What Is Chimney Flashing and Why Is It Important?

Chimney with flashing

Vital for protecting against moisture damage, chimney flashing is the metal sheet placed at the edge of chimneys to create a watertight seal. When it fails, it can lead to leaks and other issues.

If you’re unfamiliar with this type of flashing, don’t worry. We’ll discuss everything about chimney flashing, why it’s important, and what types are available. We’ll also share how you can tell when it’s time for a replacement, as well as the materials required and steps involved in replacing your flashing.

Chimney Flashing: What It Is

Chimney flashing is a metal sheet installed at the contact point between your chimney and roof. It creates a watertight seal that protects against water penetration and damage. When properly installed, chimney flashing can last over 30 years, though factors such as where you live, the materials used, and the size and shape of your chimney also can influence its lifespan.

Common Materials Used for Chimney Flashing

If you’re in the market for new chimney flashing, these are the flashing materials to choose from:

  • Aluminum: It’s a popular choice among homeowners due to its low cost and ease of installation on any type of roof. Aluminum is also quite resistant to rust, which makes a difference long-term.
  • Steel: This material is likewise commonly used to manufacture chimney flashing. It’s not only durable, but it has excellent anti-rust properties.
  • Copper: While expensive, copper is the obvious choice if you want durability, curb appeal, and a lightweight material. Copper also never rusts and can withstand any weather conditions.
  • Vinyl or PVC: This flashing material has grown in popularity because it offers similar benefits to metal flashing minus a complicated installation process. The downside? It lacks durability and resistance to extreme weather conditions.

Why Is Chimney Flashing Important?

roof chimney flashings
Photo Credit: Danler / Canva Pro / License

Chimney flashing is an essential part of a chimney system. It wraps around the chimney and extends to the roof, adjusting differences in inclination and pitching to stop water from leaking into your home. Properly installed chimney flashing provides these remarkable benefits:

  • Thermal efficiency: Chimney flashing provides thermal protection, preventing heat from escaping your home and lowering your utility bills.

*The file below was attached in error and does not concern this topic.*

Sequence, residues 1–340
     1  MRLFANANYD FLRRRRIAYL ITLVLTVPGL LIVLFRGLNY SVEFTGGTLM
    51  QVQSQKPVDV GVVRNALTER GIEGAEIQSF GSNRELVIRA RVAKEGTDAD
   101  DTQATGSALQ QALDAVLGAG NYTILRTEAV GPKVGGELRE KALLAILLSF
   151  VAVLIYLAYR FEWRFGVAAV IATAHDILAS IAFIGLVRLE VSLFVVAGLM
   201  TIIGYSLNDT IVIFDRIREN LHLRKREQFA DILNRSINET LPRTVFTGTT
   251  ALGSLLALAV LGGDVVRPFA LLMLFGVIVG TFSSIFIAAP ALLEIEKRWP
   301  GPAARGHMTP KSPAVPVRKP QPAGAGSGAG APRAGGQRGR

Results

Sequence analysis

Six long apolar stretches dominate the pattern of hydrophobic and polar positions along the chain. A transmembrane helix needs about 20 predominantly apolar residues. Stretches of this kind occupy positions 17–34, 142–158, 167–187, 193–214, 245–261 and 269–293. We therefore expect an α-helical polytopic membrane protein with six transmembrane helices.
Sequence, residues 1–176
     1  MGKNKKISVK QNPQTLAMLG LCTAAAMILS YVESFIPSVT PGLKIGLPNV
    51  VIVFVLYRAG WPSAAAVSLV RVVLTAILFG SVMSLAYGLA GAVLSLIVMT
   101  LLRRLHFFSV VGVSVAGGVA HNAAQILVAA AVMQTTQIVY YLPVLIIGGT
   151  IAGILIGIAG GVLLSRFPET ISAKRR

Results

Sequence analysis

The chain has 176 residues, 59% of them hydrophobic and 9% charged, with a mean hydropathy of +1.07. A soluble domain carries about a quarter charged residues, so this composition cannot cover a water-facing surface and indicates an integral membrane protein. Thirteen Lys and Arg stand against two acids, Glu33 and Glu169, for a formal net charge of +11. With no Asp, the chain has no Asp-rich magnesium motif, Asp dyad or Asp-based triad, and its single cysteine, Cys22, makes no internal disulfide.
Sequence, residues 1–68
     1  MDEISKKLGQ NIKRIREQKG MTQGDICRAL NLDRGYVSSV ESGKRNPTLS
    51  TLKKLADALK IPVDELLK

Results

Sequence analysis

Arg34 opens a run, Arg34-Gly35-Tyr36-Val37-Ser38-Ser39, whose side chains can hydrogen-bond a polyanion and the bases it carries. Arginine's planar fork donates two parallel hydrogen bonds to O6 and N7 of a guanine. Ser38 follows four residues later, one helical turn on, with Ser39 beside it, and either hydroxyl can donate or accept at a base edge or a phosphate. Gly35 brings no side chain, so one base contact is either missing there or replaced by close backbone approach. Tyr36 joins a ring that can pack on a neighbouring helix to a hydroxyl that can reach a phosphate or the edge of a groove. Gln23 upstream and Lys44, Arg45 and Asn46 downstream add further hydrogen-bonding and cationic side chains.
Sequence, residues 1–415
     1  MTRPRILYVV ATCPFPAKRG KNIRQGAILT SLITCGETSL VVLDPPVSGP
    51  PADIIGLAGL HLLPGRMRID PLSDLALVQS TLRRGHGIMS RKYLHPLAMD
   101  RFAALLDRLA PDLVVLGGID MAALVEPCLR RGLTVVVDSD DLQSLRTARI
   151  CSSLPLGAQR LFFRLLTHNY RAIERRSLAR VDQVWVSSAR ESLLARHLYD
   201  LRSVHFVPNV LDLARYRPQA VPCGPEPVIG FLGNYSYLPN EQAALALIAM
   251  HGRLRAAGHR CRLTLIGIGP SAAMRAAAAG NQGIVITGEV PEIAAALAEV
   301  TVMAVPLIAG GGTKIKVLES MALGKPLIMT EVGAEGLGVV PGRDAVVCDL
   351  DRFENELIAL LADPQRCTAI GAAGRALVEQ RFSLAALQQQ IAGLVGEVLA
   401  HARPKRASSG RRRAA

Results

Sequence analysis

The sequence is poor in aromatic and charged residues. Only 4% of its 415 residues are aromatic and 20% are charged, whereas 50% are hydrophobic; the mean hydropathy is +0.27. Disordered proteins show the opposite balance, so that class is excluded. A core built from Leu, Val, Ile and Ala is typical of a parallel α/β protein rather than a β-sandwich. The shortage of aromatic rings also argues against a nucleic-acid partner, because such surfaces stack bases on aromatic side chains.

• Moisture damage protection: Internal damage is easily avoided by installing chimney flashing. It can help keep debris, dust, water, and other particles from entering the roof cavity. Instead, it directs them down the roof, into the gutter system, and away from your home.
  • Pest control: Pests are continually looking for ways to enter roofing systems. Keep rats, possums, and other unwelcome pests away from your home by installing high-quality flashing along the entire perimeter of the chimney structure, where it meets the roof. 
  • Structural stability: Without chimney flashing, water can flow right into your home, rotting wood and enabling mold growth. Schedule regular chimney inspections to determine the condition of your chimney system, including flashing.

Types of Chimney Flashing

If it’s your first time installing chimney flashing, you may be surprised to know that there’s quite a selection. Keep reading to discover each flashing type and how it can benefit your home.

Step Flashing

As the most common type of flashing used in homes, step flashing is suitable for most chimney shapes and sizes. It’s an L-shaped piece of metal placed interwoven with the roof’s shingles and extending along the walls of the chimney. Step flashing is pretty simple to install and budget-friendly to boot.

Apron (Continuous) Flashing

Apron flashing is installed along the base of the chimney. But unlike step flashing, a long piece of sheet metal is bent to perfectly fit the chimney and roof. While this type of flashing costs more than step flashing, it’s ideal for larger chimneys and areas with a lot of rainfall.

Counter Flashing

Roofers use counter flashing to protect the base of the chimney at the meeting point with the roof. It goes over the step or continuous flashing and extends down the walls of the chimney. Counter flashing is applied in two layers: a first layer as the base and a second layer that is inserted into the chimney brickwork. 

Cap Flashing

Cap flashing is generally made of metal and placed around the chimney flue to block water from entering the chimney. It’s especially useful in mitigating water damage in areas with heavy snow or rainfall.

Cricket Flashing

If you have a bulky chimney regularly exposed to pooling water on the roof, cricket flashing is a good option to consider. A cricket is a triangle-shaped structure built behind the chimney to direct water away from the chimney. Once the shape is created, metal flashing is added on top to seal the structure.

Signs You Need To Replace Chimney Flashing